The Denso solenoid assembly is a simple high-current switch that applies current to the motor windings. There are two stationary, parallel copper contacts, and a copper washer that's attached to the solenoid plunger. When the solenoid receives a START signal from the ignition switch, the solenoid coil is energized, the plunger with its copper washer moves forward, and the copper washer 'shorts' across the two stationary contacts, closing the circuit and applying current to the motor windings.

If you seriously overtorque the nut on the stud where the high-current cable attaches to the starter, it is possible to slightly rotate one of the stationary copper contacts. When the solenoid is actuated, the plunger will move forward until it hits the 'high' contact. If this contact has rotated far enough, it can stop the solenoid plunger before it touches the second contact, and the even though the solenoid clicks, the plunger will never short across both contacts, and the motor will never get turned on.

Obviously, you'll want to check the easy stuff first: the battery chassis ground, then the engine block ground. Pulling the starter to perform a bench-test would be the last resort. If it fails the bench test, then remove the rear cover and see if the solenoid contact got twisted out of position.
 

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From your list it looks like perhaps the only part not already replaced is the ignition key cylinder switch?
You a correct... Battery, cables, starter, relay, ignition switch... next on the list would be the ignition cylinder. Can they be re-keyed to work with existing keys (sure hope so...)?
 

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You a correct... Battery, cables, starter, relay, ignition switch... next on the list would be the ignition cylinder. Can they be re-keyed to work with existing keys (sure hope so...)?
AGAIN, if the starter solenoid is clicking every time you turn the ignition key to the START position, then a bad ignition switch is NOT the root cause of your problem.

Stop and think for a moment about how the starting system works.
 

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Unfortunately some fundamentally incorrect information presented in the first link "How Your FJ Cruiser's Ignition Switch Works".

Line #2 states: "Ignition- This position activates your ignition system and the fuel pump. At this point fuel is pressurized at the fuel rails ..."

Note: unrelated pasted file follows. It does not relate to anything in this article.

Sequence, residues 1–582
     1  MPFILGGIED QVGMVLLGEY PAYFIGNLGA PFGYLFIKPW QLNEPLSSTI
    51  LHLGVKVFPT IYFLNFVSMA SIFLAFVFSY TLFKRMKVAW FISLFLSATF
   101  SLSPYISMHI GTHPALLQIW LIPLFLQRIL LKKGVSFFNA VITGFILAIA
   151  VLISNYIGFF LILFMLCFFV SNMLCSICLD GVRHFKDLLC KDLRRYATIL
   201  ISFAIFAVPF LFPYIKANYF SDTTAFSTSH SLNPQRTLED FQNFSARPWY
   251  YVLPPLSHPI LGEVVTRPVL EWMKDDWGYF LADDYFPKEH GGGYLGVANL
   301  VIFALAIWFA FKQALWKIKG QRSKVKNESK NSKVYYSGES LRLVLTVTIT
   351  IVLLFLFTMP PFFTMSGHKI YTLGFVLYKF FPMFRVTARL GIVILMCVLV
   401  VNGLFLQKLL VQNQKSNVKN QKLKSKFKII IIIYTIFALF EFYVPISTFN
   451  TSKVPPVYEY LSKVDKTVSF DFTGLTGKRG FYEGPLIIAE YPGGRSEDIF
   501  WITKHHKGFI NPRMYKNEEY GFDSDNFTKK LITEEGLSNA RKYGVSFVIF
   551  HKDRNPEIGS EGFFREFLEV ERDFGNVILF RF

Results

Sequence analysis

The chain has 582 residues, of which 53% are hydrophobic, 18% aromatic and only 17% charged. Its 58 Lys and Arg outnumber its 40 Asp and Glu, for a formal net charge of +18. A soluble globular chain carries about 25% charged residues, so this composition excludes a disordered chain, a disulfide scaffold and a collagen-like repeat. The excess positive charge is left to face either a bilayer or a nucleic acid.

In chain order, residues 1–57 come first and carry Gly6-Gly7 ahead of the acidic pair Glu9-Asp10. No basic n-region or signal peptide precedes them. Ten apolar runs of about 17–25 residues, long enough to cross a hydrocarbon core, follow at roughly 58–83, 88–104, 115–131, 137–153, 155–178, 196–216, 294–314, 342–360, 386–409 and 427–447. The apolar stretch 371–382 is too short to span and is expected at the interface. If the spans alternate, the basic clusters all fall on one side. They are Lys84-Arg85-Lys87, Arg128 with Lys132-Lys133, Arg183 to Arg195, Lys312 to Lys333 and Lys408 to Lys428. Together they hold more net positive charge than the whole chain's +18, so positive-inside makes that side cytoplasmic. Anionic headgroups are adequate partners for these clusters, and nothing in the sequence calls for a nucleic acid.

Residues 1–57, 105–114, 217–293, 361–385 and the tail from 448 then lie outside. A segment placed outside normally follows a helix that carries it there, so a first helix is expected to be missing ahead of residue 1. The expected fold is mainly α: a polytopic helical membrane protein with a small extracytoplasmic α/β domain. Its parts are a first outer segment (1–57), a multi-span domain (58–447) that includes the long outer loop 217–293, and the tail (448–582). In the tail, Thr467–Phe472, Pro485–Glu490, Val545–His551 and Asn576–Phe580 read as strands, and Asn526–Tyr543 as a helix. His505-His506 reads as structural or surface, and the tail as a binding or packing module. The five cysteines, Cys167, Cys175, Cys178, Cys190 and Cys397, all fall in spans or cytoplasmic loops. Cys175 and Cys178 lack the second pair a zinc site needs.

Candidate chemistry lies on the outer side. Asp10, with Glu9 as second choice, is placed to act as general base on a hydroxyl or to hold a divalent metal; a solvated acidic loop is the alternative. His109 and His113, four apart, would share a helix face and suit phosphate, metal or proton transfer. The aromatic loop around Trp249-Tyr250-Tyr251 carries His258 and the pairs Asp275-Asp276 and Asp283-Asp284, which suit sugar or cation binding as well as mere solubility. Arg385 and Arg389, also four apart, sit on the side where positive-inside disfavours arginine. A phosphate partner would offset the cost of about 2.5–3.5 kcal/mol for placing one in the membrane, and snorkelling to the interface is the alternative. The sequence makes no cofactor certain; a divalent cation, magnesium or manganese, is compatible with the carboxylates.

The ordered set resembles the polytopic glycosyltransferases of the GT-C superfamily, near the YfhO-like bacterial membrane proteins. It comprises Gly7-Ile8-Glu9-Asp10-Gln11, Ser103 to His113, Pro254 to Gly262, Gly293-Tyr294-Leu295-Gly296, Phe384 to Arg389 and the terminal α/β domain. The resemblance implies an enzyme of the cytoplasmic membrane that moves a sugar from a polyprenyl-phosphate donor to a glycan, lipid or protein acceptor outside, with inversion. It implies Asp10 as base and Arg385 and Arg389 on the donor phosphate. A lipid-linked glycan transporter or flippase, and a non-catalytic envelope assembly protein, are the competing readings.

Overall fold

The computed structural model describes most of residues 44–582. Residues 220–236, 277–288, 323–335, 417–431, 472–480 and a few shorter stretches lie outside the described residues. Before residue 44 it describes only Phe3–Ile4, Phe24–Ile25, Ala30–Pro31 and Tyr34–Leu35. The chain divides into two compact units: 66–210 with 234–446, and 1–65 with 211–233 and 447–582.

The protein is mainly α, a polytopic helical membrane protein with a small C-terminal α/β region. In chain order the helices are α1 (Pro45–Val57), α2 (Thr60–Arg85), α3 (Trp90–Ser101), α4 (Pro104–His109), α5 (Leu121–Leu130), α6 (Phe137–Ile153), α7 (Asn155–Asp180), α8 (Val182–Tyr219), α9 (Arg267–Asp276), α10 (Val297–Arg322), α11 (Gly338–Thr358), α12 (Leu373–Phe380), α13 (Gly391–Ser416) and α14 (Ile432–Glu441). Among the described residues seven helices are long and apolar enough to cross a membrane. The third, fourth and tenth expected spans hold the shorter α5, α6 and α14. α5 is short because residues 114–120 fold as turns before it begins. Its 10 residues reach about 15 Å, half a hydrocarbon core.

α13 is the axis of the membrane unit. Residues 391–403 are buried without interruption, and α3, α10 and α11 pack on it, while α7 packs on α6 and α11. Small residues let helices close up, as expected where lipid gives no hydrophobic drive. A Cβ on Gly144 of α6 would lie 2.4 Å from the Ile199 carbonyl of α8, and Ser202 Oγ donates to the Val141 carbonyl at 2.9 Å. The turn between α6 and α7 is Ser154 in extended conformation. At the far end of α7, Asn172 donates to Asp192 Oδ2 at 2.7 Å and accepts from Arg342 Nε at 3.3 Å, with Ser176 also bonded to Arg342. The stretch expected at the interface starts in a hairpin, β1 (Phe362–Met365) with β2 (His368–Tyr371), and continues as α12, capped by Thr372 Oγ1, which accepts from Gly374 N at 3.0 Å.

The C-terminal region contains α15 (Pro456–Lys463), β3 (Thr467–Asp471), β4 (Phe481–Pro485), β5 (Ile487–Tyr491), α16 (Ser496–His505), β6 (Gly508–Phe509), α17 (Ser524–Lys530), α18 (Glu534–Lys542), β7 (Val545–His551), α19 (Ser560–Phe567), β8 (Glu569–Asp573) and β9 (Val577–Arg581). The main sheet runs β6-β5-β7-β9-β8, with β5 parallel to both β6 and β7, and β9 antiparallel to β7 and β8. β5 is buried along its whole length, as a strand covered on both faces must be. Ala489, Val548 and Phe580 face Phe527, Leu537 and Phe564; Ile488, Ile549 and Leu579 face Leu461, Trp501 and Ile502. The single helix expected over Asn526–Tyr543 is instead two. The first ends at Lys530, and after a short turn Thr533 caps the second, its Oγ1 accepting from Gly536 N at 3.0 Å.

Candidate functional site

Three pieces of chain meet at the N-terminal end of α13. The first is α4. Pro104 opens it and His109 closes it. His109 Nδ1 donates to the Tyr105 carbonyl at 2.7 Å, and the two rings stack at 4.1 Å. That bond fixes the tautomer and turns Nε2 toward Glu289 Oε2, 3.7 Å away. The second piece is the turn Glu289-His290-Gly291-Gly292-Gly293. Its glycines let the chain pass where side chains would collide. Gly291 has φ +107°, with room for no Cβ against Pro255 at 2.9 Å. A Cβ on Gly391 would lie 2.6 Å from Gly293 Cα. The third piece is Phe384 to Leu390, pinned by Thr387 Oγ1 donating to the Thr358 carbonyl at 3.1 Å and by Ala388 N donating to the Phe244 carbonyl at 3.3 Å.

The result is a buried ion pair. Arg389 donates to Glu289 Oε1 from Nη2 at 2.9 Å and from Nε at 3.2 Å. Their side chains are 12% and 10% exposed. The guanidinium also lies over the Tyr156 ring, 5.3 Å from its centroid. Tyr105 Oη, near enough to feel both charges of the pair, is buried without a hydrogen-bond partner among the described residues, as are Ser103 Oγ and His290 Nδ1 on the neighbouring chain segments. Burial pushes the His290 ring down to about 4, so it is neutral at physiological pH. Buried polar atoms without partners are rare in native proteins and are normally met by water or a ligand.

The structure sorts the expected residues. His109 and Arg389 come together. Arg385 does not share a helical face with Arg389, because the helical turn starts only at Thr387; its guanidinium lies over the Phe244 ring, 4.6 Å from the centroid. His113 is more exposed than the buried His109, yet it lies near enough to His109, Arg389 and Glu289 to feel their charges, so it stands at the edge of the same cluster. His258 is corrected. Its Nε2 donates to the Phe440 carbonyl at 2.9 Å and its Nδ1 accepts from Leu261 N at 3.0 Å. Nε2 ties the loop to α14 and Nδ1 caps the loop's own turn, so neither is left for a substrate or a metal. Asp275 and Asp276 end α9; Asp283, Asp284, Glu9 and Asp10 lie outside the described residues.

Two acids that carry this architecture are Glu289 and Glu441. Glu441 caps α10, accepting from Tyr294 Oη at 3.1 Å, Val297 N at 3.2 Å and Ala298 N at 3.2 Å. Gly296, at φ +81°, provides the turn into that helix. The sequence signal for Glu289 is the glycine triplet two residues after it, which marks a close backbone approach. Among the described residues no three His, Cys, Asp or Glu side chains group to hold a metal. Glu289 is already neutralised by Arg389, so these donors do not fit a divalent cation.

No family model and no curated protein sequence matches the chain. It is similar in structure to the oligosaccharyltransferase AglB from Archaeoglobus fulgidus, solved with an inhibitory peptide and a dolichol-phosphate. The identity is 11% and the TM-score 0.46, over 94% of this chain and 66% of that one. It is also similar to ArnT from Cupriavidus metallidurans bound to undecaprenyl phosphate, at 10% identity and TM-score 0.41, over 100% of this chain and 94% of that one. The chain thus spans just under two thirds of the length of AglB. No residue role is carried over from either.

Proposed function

Actually, the fuel pump is only turned on when the engine starts to crank, then stays on only as long as the engine is running. If the engine stalls, the fuel pump instantly shuts off.

Put your head close to the fuel tank, and have someone turn the ignition switch to the RUN position. Total silence ... the fuel pump is NOT running. It only starts when the engine cranks, and the sound of it running is masked by starter noise and then engine noise once the engine starts.

Many early fuel-injected engines turned on the fuel pump as soon as the ignition key was turned to the RUN position, but for safety reasons Toyota does not. That's why it's critical that the fuel injectors do not leak while the engine is shut off ... the starting system design assumes that the fuel rail remains pressurized after engine shutdown, and that some residual fuel pressure is available the instant the first injector gets the first command to open.
 

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....Many early fuel-injected engines turned on the fuel pump as soon as the ignition key was turned to the RUN position, but for safety reasons Toyota does not. That's why it's critical that the fuel injectors do not leak while the engine is shut off ... the starting system design assumes that the fuel rail remains pressurized after engine shutdown, and that some residual fuel pressure is available the instant the first injector gets the first command to open.
I owned a PT Cruiser that turned on the fuel pump as soon as you turned the key. I could hear it fire up as soon as I twisted the key to the "on" position and before the starter engaged. Glad I don't own it anymore but still own my FJ.